With a slow-building career over the past few years, this North Carolina combo emerges into a crowded acoustic/Americana scene by painting in the corners of all their peers and precursors. Despite the album title, there's little old time traditionalism here outside of a generally homespun aesthetic; instead Mipso travels a Band-like path of assimilation, spinning their influences back out in a comfortably patchwork fashion.
"Father's House" is typical of this set of tunes, a gentle gospel waltz that might be about heaven, or it might just be about family. "Captain's Daughter" takes a more uptempo tack in the opposite genealogical direction, with violinist Libby Rodenbough driving the tune into sea story territory. She also provides the most old-time sounding, raw vocals of the group on songs such as "Down in the Water."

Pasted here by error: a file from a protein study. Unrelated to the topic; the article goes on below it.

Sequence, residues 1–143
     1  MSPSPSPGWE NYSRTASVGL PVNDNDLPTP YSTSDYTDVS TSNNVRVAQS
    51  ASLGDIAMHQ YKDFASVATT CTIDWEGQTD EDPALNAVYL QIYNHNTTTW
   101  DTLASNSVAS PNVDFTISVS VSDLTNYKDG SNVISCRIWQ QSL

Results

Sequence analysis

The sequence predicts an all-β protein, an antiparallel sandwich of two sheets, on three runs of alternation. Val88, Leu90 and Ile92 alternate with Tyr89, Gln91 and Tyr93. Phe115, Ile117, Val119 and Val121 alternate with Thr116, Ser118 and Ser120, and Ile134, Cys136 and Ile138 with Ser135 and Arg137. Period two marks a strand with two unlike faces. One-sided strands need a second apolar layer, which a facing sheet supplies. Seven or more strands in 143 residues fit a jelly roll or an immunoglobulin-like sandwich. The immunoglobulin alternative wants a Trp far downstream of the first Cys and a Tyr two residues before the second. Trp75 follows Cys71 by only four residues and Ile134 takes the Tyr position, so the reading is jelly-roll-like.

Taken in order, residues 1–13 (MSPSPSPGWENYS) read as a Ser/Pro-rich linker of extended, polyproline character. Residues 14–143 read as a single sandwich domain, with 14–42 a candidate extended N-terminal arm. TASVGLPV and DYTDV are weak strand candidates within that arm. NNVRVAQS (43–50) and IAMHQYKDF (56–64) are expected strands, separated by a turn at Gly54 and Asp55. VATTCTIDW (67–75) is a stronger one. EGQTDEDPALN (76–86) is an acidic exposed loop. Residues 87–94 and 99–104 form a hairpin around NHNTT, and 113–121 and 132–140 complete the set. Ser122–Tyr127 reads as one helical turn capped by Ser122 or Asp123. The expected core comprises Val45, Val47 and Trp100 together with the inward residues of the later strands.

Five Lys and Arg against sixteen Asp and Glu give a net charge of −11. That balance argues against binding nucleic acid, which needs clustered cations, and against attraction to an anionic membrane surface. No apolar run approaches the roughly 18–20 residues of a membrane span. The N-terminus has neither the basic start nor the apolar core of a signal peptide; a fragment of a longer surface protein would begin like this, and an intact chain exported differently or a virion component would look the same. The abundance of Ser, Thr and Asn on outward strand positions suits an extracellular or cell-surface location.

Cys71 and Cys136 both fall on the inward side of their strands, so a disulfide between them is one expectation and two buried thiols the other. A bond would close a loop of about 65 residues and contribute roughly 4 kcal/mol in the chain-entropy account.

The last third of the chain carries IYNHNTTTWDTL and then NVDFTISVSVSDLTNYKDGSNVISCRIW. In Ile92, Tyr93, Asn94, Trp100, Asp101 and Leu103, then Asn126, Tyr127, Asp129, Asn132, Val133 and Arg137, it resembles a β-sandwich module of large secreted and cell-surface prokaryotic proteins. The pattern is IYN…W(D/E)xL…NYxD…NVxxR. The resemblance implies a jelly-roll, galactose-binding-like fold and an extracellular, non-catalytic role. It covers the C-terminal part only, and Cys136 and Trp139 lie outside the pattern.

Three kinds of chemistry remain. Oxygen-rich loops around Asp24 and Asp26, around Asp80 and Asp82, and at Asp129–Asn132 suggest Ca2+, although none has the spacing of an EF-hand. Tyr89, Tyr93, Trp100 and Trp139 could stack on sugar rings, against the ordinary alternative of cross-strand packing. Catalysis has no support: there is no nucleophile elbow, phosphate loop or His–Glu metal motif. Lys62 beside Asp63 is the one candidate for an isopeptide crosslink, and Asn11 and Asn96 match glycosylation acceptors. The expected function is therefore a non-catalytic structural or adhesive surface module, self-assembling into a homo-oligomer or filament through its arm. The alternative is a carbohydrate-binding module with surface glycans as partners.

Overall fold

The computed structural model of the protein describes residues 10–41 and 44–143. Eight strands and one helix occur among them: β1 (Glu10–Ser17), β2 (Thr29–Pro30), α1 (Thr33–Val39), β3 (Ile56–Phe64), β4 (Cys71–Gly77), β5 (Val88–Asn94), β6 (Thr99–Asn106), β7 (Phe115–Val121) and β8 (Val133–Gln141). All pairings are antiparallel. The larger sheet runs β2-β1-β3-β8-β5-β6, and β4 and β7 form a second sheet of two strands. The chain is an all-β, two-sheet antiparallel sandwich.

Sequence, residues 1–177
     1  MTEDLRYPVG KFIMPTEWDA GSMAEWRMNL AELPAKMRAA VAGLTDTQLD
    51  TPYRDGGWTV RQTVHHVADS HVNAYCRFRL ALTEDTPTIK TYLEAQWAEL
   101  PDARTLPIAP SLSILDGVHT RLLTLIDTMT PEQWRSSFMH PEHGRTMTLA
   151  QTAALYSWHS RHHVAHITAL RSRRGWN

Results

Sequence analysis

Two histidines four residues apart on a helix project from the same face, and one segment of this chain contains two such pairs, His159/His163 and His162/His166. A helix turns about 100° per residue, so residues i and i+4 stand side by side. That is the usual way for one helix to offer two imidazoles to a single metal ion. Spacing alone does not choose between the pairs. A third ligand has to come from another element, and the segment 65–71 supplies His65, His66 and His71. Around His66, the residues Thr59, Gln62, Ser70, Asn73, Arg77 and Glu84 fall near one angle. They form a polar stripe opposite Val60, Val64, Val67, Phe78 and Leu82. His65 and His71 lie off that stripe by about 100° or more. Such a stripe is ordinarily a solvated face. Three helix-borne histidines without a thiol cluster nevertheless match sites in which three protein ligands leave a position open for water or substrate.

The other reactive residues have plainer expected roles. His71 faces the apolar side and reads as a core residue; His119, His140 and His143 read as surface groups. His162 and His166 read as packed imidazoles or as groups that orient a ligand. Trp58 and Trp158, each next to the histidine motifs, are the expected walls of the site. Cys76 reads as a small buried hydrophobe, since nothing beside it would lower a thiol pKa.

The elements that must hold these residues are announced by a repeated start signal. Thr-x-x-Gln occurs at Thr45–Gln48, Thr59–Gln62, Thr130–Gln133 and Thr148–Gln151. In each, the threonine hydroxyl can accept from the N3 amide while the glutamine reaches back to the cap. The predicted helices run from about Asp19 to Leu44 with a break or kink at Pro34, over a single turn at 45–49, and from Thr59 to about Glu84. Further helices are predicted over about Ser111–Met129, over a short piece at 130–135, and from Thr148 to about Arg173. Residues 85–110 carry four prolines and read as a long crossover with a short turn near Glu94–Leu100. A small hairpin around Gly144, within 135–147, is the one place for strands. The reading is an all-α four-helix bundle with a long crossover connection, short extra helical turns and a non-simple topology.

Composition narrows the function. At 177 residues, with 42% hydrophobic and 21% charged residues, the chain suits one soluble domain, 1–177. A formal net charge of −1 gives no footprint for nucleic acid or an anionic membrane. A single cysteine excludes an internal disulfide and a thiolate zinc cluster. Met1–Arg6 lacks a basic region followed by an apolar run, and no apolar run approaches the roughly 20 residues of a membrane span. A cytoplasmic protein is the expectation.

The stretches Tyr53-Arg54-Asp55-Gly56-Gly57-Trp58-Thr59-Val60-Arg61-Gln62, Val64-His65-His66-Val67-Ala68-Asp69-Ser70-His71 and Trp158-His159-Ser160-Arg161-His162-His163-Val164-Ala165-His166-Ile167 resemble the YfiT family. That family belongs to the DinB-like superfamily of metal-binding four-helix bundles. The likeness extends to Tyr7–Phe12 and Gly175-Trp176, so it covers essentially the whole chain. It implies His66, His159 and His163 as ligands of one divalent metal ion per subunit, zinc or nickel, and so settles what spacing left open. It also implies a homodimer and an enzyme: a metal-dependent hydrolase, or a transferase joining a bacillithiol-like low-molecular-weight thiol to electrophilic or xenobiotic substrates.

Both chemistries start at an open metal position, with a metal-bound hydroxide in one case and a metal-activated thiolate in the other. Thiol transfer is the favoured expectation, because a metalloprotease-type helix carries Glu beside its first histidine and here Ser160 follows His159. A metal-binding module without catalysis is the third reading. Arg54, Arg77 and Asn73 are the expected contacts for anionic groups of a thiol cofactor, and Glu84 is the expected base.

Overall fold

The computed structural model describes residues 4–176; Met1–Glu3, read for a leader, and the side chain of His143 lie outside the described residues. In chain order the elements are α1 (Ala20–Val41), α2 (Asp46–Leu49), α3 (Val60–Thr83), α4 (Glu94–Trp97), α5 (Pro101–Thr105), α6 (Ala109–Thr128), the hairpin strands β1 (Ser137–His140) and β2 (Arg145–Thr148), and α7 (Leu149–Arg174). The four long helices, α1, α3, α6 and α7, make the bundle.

A previous Mipso album called out the band's music as "Dark Holler Pop," and that descriptor still fits; there's a lingering darkness on tunes such as "Everyone Knows" that's part Appalachian mountain melody, part Flannery O'Connor Southern Gothic storytelling. Mipso may not quite fit into any neatly defined category, genre or scene, but their music feels drawn from everywhere we've been before.